I do wish I could have seen a little more of the adults and how they were reacting to the scary and mysterious things that were happening in Derry, but I understand why Muschietti left this part out given that the film had to develop 7 protagonists on a running time that’s already on the long side at 135 minutes.

 

At the end of the film, I was left wanting a sequel, which will definitely be forthcoming after It proved to be a monster hit by raking in US$123 on its opening weekend in the US market alone, crushing solid “expert predictions” of US$55 million. As at the time of this review, the film has already made more than US$210 million worldwide on a US$35 million budget.

Minute-for-minute and scare-for-scare, I found Annabelle: Creation to be the more frightening movie, but there is no doubt It is the superior film across technical aspects, from the direction and the cinematography to the script, dialogue, and performances. It’s up there as one of the best Stephen King adaptations and a lock to end up as one of the best horror movies of the year.

4 stars out of 5

Annabelle: Creation (2017)

Wow, it’s been a long time since my last movie review, and it’s not because I haven’t been going to the cinema. I’ve just been busy with work and, well, lazy.

Anyway, I’ve got a massive backlog now so I a bunch of reviews should be forthcoming. I’ve decided to start off with the films that have left the deepest impression on me as of late, and for some, it will be no surprise that I’m kicking things off with Annabelle: Creation, the prequel to the lacklustre 2014 doll horror Annabelle, which was itself a prequel/spin-off to The Conjuring.

I have to admit, I didn’t have high expectations going in. Commercial horror films are mostly bad these days with a few notable exceptions, and it is rare for a sequel to be better than its predecessor, especially in this genre. However, there was cause for optimism given that it’s directed by Lights Out filmmaker David F. Sandberg (I actually still have to review it!), and producer James Wan clearly still had enough confidence in the franchise to give the creepy doll another shot.

Set in 1943, Annabelle: Creation goes back to how the eponymous doll was created in the first place. Aussie Anthony LaPaglia plays a doll maker living in some rural place in America, while fellow Aussie Miranda Otto plays his wife. Years following a tragic accident, a bunch of orphaned girls (led by Ouija: Origin of Evil‘s Lulu Wilson and Talitha Bateman) and a nun (Stephanie Sigman) move into their house. And so the horror begins.

I’m not gonna lie: Annabelle: Creation scared the crap out of me. It’s actually quite a typical horror movie with the usual set-ups and jump scares, but as they say, it’s all in the execution. David S. Sandberg has proven himself to be a real talent in his sophomore effort, employing his full bag of tricks to deliver relentless scare after scare. There’s gore, but not too much, and there are horrific images and loud, thumping sounds and blaring music, but often the real terror comes from his use of silence and darkness — it’s what you can’t see that creates the tense atmosphere and sense of dread. I’m also glad that the film doesn’t show too much and it doesn’t show things too early. Sandberg deserves a lot of credit for his restraint and knowing just how to keep audiences on the edge of their seats.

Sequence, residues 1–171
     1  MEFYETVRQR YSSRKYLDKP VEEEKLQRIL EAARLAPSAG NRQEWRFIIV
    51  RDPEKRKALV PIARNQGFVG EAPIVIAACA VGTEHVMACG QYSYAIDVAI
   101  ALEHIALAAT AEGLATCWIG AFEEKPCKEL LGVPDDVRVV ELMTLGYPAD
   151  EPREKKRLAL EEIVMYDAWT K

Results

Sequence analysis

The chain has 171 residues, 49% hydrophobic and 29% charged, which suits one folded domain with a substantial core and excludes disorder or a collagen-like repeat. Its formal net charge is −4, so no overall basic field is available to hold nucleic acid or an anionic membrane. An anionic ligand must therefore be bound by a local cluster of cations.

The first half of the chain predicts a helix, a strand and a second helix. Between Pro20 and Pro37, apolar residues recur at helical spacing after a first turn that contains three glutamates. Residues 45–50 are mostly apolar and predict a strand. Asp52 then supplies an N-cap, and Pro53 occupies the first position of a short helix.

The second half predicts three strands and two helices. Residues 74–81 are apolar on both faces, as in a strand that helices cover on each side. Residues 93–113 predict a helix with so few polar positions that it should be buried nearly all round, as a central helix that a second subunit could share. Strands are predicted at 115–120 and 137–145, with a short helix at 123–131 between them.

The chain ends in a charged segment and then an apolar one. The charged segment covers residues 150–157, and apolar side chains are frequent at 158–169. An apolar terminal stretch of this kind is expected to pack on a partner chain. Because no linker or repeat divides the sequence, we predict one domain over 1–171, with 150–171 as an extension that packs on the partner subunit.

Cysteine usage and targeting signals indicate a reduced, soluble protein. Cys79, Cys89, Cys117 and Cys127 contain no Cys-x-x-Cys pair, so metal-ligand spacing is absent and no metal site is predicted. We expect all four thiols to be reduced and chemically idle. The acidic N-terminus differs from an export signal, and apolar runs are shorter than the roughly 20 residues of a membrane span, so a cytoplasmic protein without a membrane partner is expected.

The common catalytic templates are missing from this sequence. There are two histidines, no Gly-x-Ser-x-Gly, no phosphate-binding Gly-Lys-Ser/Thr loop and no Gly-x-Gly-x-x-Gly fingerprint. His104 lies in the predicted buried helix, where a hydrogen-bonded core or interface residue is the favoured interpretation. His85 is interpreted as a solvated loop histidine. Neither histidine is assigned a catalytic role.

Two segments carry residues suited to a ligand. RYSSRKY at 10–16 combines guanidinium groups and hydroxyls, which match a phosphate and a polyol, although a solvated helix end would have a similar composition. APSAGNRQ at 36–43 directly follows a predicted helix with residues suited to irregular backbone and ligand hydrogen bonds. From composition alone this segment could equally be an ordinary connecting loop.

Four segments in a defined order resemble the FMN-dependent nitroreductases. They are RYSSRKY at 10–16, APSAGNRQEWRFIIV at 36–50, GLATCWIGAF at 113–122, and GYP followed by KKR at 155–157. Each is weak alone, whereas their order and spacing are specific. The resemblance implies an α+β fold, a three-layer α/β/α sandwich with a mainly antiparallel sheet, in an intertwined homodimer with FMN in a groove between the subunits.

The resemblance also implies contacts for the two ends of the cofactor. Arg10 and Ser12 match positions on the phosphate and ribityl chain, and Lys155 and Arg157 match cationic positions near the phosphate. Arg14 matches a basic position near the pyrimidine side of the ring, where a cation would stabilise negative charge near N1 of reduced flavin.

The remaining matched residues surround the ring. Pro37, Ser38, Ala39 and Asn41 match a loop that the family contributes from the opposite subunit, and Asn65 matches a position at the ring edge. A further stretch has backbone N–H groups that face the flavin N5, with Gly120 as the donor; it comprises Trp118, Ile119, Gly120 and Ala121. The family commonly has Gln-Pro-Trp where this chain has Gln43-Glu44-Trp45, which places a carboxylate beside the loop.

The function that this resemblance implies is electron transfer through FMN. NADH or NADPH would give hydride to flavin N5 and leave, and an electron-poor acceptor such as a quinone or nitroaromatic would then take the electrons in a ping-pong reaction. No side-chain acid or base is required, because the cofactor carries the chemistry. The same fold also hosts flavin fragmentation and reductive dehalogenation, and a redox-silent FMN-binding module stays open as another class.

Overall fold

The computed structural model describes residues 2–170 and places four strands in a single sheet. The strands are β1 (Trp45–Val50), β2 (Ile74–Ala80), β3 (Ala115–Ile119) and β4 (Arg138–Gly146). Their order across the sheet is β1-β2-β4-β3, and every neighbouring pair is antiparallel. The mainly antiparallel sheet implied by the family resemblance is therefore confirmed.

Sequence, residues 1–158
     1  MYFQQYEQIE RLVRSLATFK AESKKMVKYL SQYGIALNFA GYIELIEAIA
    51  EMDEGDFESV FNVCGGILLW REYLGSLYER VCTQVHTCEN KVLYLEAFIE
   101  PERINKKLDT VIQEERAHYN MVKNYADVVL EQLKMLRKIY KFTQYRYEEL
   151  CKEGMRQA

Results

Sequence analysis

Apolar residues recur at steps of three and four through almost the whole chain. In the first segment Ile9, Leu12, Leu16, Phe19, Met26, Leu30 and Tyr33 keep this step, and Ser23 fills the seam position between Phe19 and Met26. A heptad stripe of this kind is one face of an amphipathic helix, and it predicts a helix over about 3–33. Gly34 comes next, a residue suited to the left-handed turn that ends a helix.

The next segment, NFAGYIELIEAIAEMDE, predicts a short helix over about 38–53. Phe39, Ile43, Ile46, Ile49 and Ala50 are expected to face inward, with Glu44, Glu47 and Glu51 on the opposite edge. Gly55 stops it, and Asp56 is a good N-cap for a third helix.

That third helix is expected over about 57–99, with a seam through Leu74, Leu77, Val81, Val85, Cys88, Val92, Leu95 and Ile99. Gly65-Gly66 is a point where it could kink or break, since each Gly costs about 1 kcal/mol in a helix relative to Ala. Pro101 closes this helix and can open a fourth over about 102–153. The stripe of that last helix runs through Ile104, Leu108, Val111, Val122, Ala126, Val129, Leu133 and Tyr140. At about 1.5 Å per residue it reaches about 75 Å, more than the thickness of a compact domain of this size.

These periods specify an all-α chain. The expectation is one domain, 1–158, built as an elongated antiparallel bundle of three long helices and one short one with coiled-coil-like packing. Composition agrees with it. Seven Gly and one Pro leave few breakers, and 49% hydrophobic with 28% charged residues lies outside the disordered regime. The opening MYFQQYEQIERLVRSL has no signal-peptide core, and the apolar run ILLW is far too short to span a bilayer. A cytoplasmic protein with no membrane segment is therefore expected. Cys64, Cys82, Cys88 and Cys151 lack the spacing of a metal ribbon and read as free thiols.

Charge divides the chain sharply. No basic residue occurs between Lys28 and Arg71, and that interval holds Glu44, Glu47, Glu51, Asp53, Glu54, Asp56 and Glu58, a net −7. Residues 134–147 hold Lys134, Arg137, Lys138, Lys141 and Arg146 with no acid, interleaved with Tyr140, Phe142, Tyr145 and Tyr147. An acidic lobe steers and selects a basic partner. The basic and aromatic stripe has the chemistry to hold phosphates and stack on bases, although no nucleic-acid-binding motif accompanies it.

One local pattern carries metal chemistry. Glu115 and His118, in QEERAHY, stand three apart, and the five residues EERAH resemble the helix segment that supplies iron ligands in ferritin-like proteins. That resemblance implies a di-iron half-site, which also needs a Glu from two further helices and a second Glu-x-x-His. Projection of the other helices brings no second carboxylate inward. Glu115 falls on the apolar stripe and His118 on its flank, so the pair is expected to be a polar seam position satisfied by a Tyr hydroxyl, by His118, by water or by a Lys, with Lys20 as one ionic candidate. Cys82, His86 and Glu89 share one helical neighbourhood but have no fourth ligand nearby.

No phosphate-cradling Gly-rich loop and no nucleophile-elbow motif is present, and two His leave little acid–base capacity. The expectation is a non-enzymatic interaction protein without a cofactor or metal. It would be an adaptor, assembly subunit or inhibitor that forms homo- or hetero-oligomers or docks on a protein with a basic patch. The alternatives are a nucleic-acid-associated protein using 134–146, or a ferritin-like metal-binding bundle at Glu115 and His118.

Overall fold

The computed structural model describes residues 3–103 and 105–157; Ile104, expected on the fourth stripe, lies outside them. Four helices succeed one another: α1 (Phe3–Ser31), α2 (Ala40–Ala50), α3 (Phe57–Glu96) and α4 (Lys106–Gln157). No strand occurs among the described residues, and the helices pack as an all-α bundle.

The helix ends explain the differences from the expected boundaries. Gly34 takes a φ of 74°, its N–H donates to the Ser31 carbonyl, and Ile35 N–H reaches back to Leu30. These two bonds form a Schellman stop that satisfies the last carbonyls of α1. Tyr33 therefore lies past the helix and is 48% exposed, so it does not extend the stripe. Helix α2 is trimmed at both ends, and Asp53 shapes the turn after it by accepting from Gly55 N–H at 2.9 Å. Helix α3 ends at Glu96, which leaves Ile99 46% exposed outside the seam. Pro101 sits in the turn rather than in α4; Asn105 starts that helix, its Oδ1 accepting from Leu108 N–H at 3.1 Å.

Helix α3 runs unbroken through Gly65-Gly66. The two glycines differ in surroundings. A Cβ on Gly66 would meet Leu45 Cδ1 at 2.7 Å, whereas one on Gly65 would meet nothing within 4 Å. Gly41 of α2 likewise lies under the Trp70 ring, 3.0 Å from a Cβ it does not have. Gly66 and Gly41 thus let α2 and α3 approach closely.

It’s not one of those horror movies that creeps into your core and keeps you up at night thinking about it like say The Exorcist. It also doesn’t have much depth or originality like say It Follows or Don’t Breathe. The performances are fantastic, with Lulu Wilson really standing out, though some of the lines they’re given don’t sound like they should be spoken by children their age. My biggest problem with it is that the script is quite poor and there are loads of problematic things in it that make very little sense — almost to the extent that it takes you out of the movie.

But as a popcorn horror flick, Annabelle: Creation definitely delivers. It doesn’t slow down once it gets going, and you could argue that it gets going right from the opening scene. I felt like it was one scare after another and I had no time to catch my breath throughout pretty much the entire 109-minute running time. Even though a lot of the set-ups were obvious and I knew I was just being manipulated into the next scare, I still had plenty of fun going along with the ride.